Need to get to the pool? Check with the crossing guard in the hard hat. He’ll keep you from getting run over by a front-end loader. The view from the pool? To the south, the beautiful ocean. To the north, heavy equipment plucking the palm trees out of the ground in the hotel’s large horseshoe-shaped interior garden area. What’s that pleasant banging and crackling sound? Just another overhead beam going up near the pool bar, with the welders fitting it into place. No wonder we got so pink out by the pool. Half of our “sunburns” were probably flash burns from the welders.
I’ve stayed at a number of U.S. hotels that were doing some construction onsite, but it never seemed to affect my stay the way it did in Mexico. For instance, in America I’ve never actually had to walk through the construction (or destruction) as part of the only route to my room. In Mexico, six times a day, we walked right through the ten guys removing the tiles from the walls in the main hall. The guys down on the ground with us had all been issued hard hats to protect them from the team on the scissor lift removing the tiles from twenty feet overhead. We protected our heads with beach towels.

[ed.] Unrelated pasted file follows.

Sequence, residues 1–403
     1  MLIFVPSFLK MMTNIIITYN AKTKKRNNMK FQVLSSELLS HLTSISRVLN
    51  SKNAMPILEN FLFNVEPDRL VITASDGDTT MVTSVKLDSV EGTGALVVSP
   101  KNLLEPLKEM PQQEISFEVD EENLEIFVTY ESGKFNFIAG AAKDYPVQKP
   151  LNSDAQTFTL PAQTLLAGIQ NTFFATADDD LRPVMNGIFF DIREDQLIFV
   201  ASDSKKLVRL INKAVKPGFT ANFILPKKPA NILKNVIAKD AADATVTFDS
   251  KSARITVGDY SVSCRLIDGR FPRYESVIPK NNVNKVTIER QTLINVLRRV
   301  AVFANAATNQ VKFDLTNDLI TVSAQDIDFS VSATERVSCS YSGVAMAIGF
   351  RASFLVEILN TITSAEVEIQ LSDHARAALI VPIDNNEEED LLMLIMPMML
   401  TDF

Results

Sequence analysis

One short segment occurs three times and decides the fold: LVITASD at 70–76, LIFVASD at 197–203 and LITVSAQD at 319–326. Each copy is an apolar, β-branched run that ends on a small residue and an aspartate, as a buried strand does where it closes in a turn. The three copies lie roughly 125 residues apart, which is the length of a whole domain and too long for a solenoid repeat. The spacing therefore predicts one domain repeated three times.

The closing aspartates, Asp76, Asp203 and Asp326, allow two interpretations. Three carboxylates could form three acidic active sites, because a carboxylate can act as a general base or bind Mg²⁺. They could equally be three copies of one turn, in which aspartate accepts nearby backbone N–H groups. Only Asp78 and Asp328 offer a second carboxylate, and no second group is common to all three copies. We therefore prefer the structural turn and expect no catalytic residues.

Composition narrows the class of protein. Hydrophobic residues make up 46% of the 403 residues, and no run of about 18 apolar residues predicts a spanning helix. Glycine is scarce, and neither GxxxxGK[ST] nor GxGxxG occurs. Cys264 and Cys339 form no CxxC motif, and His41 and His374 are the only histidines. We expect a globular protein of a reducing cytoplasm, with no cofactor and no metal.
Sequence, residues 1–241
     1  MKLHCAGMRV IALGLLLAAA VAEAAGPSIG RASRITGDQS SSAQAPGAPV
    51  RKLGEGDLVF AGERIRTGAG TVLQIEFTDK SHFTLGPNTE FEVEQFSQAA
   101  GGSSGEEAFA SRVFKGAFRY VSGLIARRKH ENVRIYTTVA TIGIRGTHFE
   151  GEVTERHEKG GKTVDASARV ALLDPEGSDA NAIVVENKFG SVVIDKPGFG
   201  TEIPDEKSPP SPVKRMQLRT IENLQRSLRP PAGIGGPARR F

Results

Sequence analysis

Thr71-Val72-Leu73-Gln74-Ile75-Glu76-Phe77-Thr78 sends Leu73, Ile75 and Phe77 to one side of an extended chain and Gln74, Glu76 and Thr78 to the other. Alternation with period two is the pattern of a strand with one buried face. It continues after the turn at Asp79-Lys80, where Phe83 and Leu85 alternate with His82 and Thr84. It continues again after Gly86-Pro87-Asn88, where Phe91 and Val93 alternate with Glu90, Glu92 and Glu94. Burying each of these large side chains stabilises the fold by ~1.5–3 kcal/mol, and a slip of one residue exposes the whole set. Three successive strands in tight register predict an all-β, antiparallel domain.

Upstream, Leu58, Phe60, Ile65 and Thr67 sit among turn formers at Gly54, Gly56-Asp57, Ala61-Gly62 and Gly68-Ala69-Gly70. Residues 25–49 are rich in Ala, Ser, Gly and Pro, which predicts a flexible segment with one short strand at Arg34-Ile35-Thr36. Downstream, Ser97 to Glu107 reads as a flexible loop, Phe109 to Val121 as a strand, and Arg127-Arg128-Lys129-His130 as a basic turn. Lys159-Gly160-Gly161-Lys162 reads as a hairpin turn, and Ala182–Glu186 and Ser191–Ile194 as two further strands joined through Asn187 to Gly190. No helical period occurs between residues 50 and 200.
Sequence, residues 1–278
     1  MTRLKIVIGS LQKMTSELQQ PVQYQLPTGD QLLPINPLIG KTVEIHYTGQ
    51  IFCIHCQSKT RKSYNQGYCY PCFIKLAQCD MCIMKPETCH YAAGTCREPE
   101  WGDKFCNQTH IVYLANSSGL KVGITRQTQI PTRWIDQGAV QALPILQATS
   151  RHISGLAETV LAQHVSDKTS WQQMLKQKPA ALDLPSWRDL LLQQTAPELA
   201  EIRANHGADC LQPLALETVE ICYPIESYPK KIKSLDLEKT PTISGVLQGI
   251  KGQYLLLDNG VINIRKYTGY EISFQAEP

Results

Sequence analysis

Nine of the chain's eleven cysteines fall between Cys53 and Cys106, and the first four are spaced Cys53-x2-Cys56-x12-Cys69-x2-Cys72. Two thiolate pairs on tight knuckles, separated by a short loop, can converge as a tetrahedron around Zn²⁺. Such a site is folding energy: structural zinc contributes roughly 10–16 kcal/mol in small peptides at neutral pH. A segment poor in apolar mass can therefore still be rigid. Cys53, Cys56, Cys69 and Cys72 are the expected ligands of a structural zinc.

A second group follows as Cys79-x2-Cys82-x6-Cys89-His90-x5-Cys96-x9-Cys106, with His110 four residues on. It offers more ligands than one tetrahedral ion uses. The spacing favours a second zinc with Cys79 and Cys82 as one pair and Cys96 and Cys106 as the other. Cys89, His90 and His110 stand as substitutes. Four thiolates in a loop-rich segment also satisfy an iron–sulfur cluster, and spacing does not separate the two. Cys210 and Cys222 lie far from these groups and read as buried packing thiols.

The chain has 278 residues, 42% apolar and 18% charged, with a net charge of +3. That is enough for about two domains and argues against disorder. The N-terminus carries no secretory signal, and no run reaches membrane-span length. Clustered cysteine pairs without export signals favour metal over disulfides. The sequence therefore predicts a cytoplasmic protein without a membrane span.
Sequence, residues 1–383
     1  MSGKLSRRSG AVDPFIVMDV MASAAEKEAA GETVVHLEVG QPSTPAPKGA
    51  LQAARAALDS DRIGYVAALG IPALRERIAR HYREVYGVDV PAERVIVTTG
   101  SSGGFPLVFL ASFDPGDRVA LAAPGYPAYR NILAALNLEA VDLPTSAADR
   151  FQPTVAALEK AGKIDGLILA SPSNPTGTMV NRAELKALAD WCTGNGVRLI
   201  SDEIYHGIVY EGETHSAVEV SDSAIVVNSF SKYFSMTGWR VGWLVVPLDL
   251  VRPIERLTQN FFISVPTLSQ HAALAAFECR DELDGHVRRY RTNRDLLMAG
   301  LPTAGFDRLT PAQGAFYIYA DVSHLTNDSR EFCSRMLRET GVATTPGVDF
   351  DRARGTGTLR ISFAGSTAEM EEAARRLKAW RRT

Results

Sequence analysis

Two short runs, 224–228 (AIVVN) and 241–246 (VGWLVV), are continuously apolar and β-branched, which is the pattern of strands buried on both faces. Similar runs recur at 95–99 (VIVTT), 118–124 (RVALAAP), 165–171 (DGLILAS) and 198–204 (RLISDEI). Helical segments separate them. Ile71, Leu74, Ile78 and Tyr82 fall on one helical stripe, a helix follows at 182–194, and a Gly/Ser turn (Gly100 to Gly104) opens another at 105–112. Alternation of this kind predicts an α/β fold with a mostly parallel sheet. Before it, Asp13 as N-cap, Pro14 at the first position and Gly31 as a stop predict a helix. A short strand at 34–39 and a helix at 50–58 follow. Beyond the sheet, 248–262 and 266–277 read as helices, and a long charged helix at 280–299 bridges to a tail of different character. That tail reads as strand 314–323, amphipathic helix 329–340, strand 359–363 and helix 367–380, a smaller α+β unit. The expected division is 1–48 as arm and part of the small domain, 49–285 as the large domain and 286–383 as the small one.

My wife even helped out a little and removed a few souvenir tiles from one of the walls by hand. I’m not sure why the guys in hard hats were bothering with tools. The tiles seemed to be attached with the same stuff that sticks your new credit card to the paper.
Despite the fact that four out of our hotel’s five stars were being jackhammered apart, we actually had a relaxing and enjoyable time. Do you know why? Because our kids weren’t with us. Now, don’t get me wrong, we love our three boys to death. I’m just saying, never underestimate how much your children are sucking the very life out of you, that’s all. This vacation proves it. We slept in a construction/war zone, and it was honestly more relaxing than being at home with our boys.